Pricing Records Pages

As everyone should be aware of by now, pricing can vary greatly from store-to-store. Everyone should also know that you can use the Inventory Checkers to search your item and see its current local real-time stock availability and pricing at stores near you. What many may not be aware of is the Pricing Records feature that is accessible to Premium and Extreme members. The Pricing Records page is not a real-time updated page, even though it does look very similar to the Inventory Checker page it has a completely separate purpose. The Pricing Records page shows snapshots of all of the known prices and availability that our system has detected nationwide. This can be useful in many different ways, depending on how savvy a person may be with the information, but one of the main benefits that any member should be able to take away from this page is the ability to determine what common markdown prices you might expect to see in your area.

For example, let's say that you saw a set of Pioneer Woman cutlery in the Today’s Markdowns pages so you know that it is being commonly marked down at some stores nationwide but they’re still full price at $49 in your area when you search them locally using the Inventory Checker page. If you access the Pricing Records page for that item, you could look at all of the known prices for that item and see that $15 is the most common lowest markdown for that item so you could expect them to possibly eventually reach that price if, or when, they begin to drop in price locally.

Accessing the Pricing Records Pages

Typically, to navigate to the Pricing Records page, it would be done for a specific item or page, usually from the Inventory Checker page. It can also be accessed individually from the deal tiles from many of the pages in the Members Area. For simplicity and due to popularity, we’ll use an item from the Walmart Inventory Checker in our examples. Once you search the item on the Inventory Checker page, click on the Pricing Records icon.

Searching a SKU or UPC

Similar to the Inventory Checker pages, you can access the Pricing Records for items by using the SKU or UPC search feature at the top of the page. You can also change the way that the page sorts by using the Sort By dropdown.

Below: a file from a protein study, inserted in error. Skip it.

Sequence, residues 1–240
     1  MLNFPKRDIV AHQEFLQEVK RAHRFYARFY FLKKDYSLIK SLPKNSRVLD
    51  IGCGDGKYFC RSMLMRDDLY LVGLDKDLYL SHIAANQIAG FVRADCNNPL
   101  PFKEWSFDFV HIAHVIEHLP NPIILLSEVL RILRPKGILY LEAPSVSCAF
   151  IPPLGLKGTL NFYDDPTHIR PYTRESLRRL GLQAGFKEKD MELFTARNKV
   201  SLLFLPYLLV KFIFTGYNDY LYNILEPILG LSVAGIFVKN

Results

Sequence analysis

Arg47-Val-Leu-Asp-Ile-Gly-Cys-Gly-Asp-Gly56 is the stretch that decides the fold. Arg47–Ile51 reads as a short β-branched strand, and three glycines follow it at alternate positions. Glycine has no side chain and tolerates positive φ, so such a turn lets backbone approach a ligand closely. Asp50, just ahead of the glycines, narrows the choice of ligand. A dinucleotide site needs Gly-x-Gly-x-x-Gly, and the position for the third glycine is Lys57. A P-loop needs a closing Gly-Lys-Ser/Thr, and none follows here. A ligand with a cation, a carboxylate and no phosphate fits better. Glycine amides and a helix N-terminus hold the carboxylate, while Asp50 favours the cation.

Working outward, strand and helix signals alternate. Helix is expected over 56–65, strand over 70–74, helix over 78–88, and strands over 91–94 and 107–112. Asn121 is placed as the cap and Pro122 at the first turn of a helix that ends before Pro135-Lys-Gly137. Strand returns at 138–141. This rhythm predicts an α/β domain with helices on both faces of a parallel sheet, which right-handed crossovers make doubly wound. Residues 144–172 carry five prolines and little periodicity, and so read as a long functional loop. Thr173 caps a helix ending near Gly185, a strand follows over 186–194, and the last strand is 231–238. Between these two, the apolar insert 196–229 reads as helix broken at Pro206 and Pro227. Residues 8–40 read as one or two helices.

Product Info

Once you have the page loaded and you’re viewing the Pricing Records page for an item you’ll see some basic information provided first in the Product Info area.


Store Availability - Here you see the % of stores that have the item discounted, which is based on the reported MSRP. This number can sometimes be skewed or confusing so hopefully we can clarify it here to reduce that. If the MSRP of the item is reported to BrickSeek as being $59 but that number is inflated and almost all stores have the item priced at $49, then that means that almost all of the stores have the item discounted. This does not indicate that the price is discounted by that % off. You’ll also find the In Stock % listed here, which indicates the % of stores that carry that item and have the item in stock.  


Pricing Records - Below the store availability info is a quick glimpse of the Pricing Records prices information, which is simply reporting the highest known price for that item as well as the lowest known price of the item.


Viewing the Pricing Records Pages


When you’re viewing the results table of the Pricing Records pages, there are a few things that you may notice right from the start -- like the Store, Updated, Availability, and Price columns. One of the most important things here that needs to be pointed out is the Updated column, which is another clear indicator that the Pricing Records page is not updated in real-time. The info in the Updated column informs you of when that information was last updated and detected by our system, which could be minutes ago or could be a year ago! It’s important to pay attention to that sometimes.


Again, there are many different ways that our members use the Pricing Records pages but one takeaway that we wanted to teach here with the use of this page is to learn how to use it to determine what the common prices are for items so that it becomes easier for you to figure out what prices you can expect to see for items so that you can make the best buying decisions.



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